Appeal from Superior Court, King County. 93-2-29900-1. Honorable Michael C. Hayden, Judge. Judgment Date: 1-3-95.
Carolee Fairbanks was injured in a car accident caused by an intoxicated J.B. McLoughlin Company employee who had earlier attended a company banquet. The trial court dismissed her vicarious liability and negligent furnishing claims on summary judgment and the Court of Appeals affirmed. Finding a genuine issue of fact as to whether the employee drank to intoxication at the banquet, we reverse.
Ann Neely, a J.B. McLoughlin property manager, attended the 1990 company Christmas banquet and presented awards to several employees. The banquet was held at one of the McLoughlin properties in Redmond. McLoughlin provided food, wine, and champagne for the guests. In her deposition, Neely testified that she arrived at the party about 7:00 p.m. and left between 10:00 p.m. and 10:30 p.m. She later submitted an affidavit stating that she left around 10:00 p.m., however. Neely claimed that she only drank two glasses of champagne at the banquet and denied becoming intoxicated. She also testified that she drinks socially about once every other month.
At about 10:50 p.m., Neely hit Fairbanks' car from the rear at a stoplight in the Eastgate area, injuring Fairbanks. Shortly after 11:00 p.m., Bellevue Police Officer David Asheim arrived at the scene. He smelled alcohol on Neely's breath, noted that her speech was slurred, and asked her if she had been drinking. She responded that she had two glasses of wine at a company Christmas party. Asheim noted that Neely stumbled as she got out of the car and staggered when she walked. He administered field sobriety tests and arrested her for driving under the influence. A breathalyzer test, performed about an hour later, showed Neely's blood-alcohol level at .17.
Fairbanks settled with Neely and her insurer and sued McLoughlin, alleging negligent furnishing of alcohol and vicarious liability causes of action. Neely then declared for the first time that she had met several other employees for drinks at the Empress of China lounge after leaving the banquet. She claimed that she had two or three cognacs and left the lounge at 10:45 p.m. Neely testified in deposition that the Empress of China lounge is 10 to 15 minutes from the banquet site. Fairbanks then amended her complaint naming the Empress of China as an additional defendant. That claim has also been settled.
McLoughlin moved for summary judgment contending that Fairbanks had failed to produce sufficient evidence that Neely became intoxicated at the banquet. In support of its motion, McLoughlin produced declarations from three employees who had been at the banquet. Maureen Chandler declared that at about 9:00 p.m., Neely gave a clear and succinct speech and presented her with an Employee of the Year award. Neely hugged Chandler when she gave her the award and Chandler did not smell any alcohol on her breath or notice any sign that she was intoxicated. Fran Billings, McLoughlin's Controller Treasurer, declared that she was in charge of the banquet and that she recalled being embarrassed because the champagne ran out well before the end of the evening. Billings watched Neely present awards and did not notice any sign that she was intoxicated. Sandi Repetowski, McLoughlin's Executive Vice President, also declared that he did not notice Neely acting intoxicated at any point during the evening. McLoughlin also submitted Neely's declaration that she had additional drinks at the Empress of China after leaving the banquet.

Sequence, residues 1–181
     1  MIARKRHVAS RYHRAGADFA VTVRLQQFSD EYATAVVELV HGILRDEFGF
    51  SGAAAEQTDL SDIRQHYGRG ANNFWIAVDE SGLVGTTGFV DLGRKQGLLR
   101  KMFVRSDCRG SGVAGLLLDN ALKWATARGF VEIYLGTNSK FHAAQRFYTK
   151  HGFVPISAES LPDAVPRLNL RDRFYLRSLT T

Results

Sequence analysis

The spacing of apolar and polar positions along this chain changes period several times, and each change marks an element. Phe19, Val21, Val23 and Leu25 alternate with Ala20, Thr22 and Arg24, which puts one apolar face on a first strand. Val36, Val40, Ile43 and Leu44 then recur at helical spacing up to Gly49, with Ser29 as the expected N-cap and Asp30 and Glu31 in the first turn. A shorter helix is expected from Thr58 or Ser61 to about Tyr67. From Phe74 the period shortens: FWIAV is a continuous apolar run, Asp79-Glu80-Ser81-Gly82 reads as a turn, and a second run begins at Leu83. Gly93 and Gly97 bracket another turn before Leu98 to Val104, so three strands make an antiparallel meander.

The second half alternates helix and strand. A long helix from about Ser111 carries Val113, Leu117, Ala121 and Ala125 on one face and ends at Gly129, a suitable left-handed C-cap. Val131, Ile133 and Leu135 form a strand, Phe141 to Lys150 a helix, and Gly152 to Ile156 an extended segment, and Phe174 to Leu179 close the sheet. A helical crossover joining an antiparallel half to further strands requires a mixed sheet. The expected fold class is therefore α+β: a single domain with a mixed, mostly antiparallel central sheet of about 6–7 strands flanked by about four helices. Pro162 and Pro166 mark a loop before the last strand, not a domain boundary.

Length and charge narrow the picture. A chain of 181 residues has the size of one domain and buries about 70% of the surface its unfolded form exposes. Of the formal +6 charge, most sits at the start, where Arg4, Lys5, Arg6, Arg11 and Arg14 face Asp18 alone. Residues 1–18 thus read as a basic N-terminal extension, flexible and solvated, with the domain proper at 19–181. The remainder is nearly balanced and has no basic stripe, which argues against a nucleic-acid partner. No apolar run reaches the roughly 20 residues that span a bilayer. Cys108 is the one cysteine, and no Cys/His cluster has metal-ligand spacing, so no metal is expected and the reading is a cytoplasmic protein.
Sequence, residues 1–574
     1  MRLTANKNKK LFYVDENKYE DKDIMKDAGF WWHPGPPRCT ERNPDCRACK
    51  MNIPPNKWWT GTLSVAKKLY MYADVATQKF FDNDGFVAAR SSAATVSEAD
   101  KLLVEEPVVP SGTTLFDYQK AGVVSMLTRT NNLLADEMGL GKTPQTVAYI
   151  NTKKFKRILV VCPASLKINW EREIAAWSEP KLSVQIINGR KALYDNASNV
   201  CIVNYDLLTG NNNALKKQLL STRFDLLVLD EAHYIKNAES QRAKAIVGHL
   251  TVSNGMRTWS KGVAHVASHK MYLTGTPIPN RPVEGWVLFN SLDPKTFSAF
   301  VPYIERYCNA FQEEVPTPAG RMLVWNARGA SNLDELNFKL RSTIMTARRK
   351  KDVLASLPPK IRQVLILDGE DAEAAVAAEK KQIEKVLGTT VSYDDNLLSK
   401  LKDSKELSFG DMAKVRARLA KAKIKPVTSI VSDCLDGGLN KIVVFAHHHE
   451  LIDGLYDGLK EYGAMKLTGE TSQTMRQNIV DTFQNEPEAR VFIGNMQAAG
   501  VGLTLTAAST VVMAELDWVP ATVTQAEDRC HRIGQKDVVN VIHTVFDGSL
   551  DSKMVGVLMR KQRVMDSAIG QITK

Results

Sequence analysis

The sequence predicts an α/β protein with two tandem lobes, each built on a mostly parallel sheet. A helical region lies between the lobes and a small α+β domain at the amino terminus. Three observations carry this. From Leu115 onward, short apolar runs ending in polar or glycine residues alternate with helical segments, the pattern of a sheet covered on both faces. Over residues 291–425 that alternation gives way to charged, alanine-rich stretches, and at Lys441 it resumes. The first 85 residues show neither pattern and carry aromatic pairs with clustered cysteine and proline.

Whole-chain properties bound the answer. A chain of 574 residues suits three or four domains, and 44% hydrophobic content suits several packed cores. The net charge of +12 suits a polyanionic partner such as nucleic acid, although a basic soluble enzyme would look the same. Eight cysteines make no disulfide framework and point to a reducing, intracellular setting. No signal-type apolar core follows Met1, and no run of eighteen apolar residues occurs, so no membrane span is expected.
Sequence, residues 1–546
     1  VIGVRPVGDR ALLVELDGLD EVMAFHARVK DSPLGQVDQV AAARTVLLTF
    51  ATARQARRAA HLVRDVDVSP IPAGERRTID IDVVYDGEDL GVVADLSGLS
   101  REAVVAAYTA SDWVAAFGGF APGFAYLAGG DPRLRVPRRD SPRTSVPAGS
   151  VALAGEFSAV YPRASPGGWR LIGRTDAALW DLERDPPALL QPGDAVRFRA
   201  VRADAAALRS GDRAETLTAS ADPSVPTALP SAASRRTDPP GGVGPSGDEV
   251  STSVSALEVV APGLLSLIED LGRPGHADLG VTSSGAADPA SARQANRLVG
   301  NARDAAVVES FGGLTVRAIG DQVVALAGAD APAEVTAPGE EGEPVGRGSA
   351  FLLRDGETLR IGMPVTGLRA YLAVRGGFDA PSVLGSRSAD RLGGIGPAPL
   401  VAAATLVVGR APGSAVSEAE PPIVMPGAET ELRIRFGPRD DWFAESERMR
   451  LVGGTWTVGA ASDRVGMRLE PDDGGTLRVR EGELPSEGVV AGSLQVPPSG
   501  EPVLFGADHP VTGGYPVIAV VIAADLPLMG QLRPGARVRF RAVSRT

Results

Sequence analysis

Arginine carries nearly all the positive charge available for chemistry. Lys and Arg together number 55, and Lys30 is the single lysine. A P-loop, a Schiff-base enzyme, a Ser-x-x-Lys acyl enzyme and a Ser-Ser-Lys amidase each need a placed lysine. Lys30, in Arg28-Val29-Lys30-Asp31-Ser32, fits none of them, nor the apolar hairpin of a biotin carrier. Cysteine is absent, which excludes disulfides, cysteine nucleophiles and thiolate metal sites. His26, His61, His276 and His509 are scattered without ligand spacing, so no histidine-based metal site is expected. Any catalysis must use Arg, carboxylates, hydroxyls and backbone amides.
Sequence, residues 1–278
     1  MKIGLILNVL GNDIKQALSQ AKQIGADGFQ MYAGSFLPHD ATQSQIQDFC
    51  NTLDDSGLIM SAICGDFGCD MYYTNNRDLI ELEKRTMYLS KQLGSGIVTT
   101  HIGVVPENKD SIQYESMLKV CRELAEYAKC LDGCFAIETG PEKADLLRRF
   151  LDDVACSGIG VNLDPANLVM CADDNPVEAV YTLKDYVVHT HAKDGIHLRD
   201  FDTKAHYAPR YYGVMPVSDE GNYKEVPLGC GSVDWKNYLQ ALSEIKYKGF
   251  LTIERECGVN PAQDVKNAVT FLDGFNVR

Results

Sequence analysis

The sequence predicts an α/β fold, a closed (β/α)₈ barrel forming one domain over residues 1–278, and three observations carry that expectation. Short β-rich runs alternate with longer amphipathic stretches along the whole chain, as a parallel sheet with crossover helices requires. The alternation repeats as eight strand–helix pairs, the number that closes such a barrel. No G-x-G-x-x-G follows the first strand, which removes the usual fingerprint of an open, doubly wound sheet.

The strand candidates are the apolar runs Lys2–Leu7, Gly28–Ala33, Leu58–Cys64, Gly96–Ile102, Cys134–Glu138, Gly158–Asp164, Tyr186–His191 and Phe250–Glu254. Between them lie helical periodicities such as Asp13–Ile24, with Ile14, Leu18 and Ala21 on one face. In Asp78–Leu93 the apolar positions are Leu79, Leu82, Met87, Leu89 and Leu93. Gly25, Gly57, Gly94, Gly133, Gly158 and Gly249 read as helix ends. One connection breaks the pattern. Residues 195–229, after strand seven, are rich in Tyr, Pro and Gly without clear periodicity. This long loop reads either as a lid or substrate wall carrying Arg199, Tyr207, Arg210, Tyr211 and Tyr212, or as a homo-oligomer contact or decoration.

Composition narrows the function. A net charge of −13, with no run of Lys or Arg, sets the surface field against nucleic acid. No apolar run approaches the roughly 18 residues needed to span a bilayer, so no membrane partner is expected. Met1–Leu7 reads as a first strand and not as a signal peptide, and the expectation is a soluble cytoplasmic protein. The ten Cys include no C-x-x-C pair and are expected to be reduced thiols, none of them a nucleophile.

In opposition to the motion, Fairbanks produced the deposition testimony of Empress of China owner Judy Lan. Lan testified that the Empress of China closes at 10:00 p.m. The bar mainly serves the restaurant and rarely has more than a few customers during the entire night so that it would have been unusual to serve a group the size of Neely's. Lan worked until closing on the night of the accident and periodically checked the bar while making her rounds. She did not recall seeing any large group in the lounge that night, and her records show that the bar receipts, including soda pop, totaled only $150 for the entire day. Fairbanks also produced Officer Asheim's police report and declaration.
The trial court granted McLoughlin's motion for summary judgment on both of Fairbanks' theories of liability. The Court of Appeals affirmed in an unpublished opinion. We reverse.
Vicarious Liability. A plaintiff seeking recovery from a banquet-hosting employer under a respondeat superior theory of liability must prove the following:
1. The employee consumed alcohol at a party hosted by the employer which was held to further the employer's interest in some way and at which the employee's presence was requested or impliedly or expressly required by the employer.
2. The employee negligently consumed alcohol to the point of intoxication when he knew or should have known he would need to operate a vehicle on some public highway upon leaving the banquet.
3. The employee caused the accident while driving from the banquet.
4. The proximate cause of the accident, the intoxication, occurred at the time the employee negligently consumed the alcohol. Dickinson v. Edwards, 105 Wash. 2d 457, 468, 716 P.2d 814 (1986).
McLoughlin concedes that the banquet furthered its interest and that Neely's presence was required. The issue is whether Fairbanks submitted evidence sufficient to create a factual dispute as to whether Neely ...